I am more than pleasantly surprised by the voracity of the title to do such a thing as picking up where the movie left off or simply just exploring the world created by the movie quite a bit more. I am suggesting this as a read for fans of the movie by all means, but I am also recommending it to comic readers to check out at least an issue and take a little peek inside of this very unique and creatively built world. The main hero in the story to me is Wang, and he remains intact and still at the side of our favorite wannabe hero Jack Burton and they are both still on the run from the Lords of Death. It’s an action packed comic and sure not to disappoint you, regardless of how big a fan you are of the movie. The only other thing I want to express is that Jack Burton’s smart mouth and over the top attitude carry over from the big screen to the small page without missing a sarcastic beat.
Hank Van Hawkins
Want to know more about Big Trouble in Little China? Have click the link in the previous sentence, and read below for a 5-page preview with a couple variant covers.
Nightbreed #6 review
Admittedly I am having fun with my press pass. I am getting to read so many great comics from Boom! for free. Of course that hasn’t stopped me from actually going into my local store and buying some hard copies for myself as well. I am at my weakest on Wednesdays damn it. One free issue of a great series will always compel you to buy other issues in order to find out the whole story for your self. (The whole point to Free Comic Book Day) At least it does for me and my own buying habits.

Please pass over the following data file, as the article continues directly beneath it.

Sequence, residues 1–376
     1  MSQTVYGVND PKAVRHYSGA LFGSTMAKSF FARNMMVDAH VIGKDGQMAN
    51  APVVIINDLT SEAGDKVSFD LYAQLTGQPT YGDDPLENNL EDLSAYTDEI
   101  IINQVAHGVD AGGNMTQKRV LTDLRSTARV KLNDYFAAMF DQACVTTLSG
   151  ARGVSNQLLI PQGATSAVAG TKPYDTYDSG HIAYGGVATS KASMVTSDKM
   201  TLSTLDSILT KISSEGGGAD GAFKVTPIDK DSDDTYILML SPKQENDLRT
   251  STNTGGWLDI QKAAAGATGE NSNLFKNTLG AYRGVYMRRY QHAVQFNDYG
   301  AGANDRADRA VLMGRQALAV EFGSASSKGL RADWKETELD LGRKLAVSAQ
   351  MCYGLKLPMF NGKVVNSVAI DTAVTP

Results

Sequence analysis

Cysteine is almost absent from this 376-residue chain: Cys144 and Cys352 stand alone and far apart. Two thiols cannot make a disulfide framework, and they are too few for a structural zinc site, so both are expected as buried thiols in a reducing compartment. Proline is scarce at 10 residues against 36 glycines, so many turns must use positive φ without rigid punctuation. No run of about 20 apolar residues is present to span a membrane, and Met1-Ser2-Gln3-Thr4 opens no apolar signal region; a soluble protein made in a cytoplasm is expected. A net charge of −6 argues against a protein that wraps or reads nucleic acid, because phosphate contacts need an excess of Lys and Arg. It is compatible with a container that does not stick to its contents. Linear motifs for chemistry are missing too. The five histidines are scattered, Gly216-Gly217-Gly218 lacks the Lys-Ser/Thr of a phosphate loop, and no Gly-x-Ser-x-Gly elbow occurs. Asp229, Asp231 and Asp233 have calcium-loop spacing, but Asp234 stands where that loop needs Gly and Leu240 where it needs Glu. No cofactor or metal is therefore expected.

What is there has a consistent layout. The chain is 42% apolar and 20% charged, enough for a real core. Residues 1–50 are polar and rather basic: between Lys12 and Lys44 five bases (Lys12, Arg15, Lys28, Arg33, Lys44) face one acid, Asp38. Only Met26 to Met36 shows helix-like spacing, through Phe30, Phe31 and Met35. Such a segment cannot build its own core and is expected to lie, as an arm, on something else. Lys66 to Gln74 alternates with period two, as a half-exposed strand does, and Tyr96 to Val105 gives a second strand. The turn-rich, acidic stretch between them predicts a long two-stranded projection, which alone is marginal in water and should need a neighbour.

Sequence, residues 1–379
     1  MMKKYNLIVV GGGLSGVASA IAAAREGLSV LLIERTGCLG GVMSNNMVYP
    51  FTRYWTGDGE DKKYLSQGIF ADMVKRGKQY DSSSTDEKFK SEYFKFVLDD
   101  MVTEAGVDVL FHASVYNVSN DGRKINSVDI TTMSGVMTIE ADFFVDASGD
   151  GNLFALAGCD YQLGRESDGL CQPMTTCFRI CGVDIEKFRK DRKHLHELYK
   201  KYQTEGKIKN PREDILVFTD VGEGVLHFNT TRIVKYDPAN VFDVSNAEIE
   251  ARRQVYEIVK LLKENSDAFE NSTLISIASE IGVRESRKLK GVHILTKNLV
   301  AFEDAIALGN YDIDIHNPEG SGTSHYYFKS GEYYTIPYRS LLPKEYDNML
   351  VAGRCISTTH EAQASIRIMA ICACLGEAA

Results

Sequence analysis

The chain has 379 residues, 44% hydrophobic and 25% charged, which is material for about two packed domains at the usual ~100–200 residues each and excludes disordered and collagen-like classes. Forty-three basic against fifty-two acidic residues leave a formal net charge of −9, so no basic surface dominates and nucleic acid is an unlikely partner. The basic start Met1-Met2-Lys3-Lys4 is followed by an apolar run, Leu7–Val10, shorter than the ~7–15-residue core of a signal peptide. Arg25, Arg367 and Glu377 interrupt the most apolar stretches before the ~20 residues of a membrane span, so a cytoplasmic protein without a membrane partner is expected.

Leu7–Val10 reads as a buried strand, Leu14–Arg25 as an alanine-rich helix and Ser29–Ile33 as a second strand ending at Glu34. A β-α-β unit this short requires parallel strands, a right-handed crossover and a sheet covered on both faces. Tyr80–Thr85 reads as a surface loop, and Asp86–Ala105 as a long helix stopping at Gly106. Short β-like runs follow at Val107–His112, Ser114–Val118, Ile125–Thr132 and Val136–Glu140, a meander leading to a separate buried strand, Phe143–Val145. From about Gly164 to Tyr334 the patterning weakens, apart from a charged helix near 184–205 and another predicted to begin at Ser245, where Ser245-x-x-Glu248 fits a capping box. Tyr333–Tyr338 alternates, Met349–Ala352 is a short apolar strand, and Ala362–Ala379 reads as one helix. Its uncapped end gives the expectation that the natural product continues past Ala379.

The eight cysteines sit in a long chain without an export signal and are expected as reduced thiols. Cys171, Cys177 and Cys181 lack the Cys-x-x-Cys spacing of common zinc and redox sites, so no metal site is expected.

Nightbreed in particular has been one issue I read that has prompted me to find out more about the series as a whole. Personally you can’t go wrong with anything Clive Barker has a part in. Over the many years I have been reading comic books I have never been let down by a Clive Barker title of any sort and Nightbreed continues the hot streak. Granted the issue I picked up was # 6 and it made no difference to me where the issue was in relation to the current arc because it provides just enough of what is going on along with a more than a hint at what is too come. Anytime a book explores the so called darker shadows and corners of our world the more apt I am to get into it. Obviously this fantasy but it still doesn’t prevent itself from making a social statement on issues that currently plague society as a whole. If indeed there was a entire underworld of mythical creatures who lurk in the shadows and the dark recess of the human spirit it may make more sense out of this crazy world as a whole.
I am taking it upon myself to pick up the graphic novel for this series once its available. It ended up being ten times more entertaining that I had anticipated and I highly recommend it to others despite some character similarities to Hellboy it easily stands on its own as a series and has a great and eclectic cast of characters with a deep and intriguing back story to each of them. Each is an outcast demon due to their extrasensory, supernatural, and other worldly attributes, appearances, and abilities. However they fit right in with the circus freaks without missing a beat. Yet their powers themselves struggle for relevance in the human world. So although they are demons at their simplest form they are merely humans just like the rest of us with their own set of challenges and prejudices. Obviously I suggest this as a pick up the next time you are in your comic shop looking for something new and exciting and you will see what I mean. The art is simple and direct to the point and the story flows with ease and leaves you wanting to know more about the characters and the hand that fate will play to them during this series run. Kudos to Boom Studios for putting together such a great roster of titles and writers. They are really making a mark in the world of comics if you ask me and their juggernaut shows no signs of slowing down. I know I am keeping my eyes peeled from now on.